warrants an adverse inference that he did not actually use Rubylith as part of that process. See Pension Comm., 685 F. Supp. 2d at 470 (granting adverse inference for gross negligence).2 Although Mr. Fairey testified that he used Rubylith, he failed to produce any evidence supporting that assertion, including any evidence of digital scans of the Rubylith sheets that he admits must exist if Rubylith was used. (Fairey Dep. Vol. I 254:14 - 254:19.) The absence of any corroborating evidence, together with Mr. Fairey's inconsistent pre-litigation admissions that he made the Obama Image in less a day, and his willful destruction of documents relating to the making of the Obama Image, amply justify an adverse inference that he did not use Rubylith, but instead used an all-digital process. See Pension Comm., 685 F. Supp. 2d at 470 ( "[W]hen a spoliating party has acted willfully or in bad faith, a jury can be instructed that certain facts are deemed admitted and must be accepted as true."). III. CONCLUSION For the reasons stated above, the Associated Press respectfully requests that the Court bar Obey Clothing from presenting evidence, argument, or testimony regarding Mr. Fairey's purported use of Rubylith or, to the extent it is allowed, grant The AP an adverse inference that Mr. Fairey did not use Rubylith, but instead using an all-digital process.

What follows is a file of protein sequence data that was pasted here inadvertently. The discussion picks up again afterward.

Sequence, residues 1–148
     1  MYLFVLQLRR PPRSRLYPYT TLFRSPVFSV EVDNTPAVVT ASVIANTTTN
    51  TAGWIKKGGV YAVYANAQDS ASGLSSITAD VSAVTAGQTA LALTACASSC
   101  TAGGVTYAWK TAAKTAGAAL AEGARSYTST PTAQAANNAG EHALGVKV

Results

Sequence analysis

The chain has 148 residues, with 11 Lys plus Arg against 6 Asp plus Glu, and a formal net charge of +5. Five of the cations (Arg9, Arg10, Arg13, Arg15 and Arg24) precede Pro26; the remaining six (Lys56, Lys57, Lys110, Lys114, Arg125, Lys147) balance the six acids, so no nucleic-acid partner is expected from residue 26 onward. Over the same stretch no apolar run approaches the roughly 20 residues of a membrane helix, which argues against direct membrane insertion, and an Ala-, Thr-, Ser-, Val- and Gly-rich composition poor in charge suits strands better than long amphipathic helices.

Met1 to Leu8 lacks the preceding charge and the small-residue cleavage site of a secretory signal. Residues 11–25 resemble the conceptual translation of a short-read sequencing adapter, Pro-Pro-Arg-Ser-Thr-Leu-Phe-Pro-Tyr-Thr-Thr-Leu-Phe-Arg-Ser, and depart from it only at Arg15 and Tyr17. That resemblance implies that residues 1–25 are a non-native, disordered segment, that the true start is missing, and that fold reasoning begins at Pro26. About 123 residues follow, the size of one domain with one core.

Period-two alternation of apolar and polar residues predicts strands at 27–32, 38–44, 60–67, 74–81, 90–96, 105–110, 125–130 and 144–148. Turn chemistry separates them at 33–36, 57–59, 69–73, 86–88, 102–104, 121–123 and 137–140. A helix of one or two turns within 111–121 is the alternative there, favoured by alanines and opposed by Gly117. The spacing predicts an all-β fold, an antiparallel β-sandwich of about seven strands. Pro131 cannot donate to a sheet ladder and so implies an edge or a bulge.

While the Court in Pension Committee lays out a three-factor test involving control, state of mind, and relevance, relevance (and thereby prejudice) is presumed for the purposes of evaluating a sanction for spoliation where the spoliating party acts in bad faith, as Mr. Fairey has done here. 685 F. Supp. 2d at 468.
Date: February 25, 2011
/s/ Dale M. Cendali Dale M. Cendali Claudia Ray Brendan T. Kehoe KIRKLAND & ELLIS LLP 601 Lexington Avenue New York, New York 10022 Tel: 212-446-4800 Fax: 212-446-4900 Dale.firstname.lastname@example.org Claudia.email@example.com Brendan.firstname.lastname@example.org
Michael F. Williams KIRKLAND & ELLIS LLP 655 15th Street, NW Washington, DC 20005 Tel: (202) 879-5000 Fax: (202) 879-5200 Michael.email@example.com Attorneys for Plaintiff/Counterclaim Defendant THE ASSOCIATED PRESS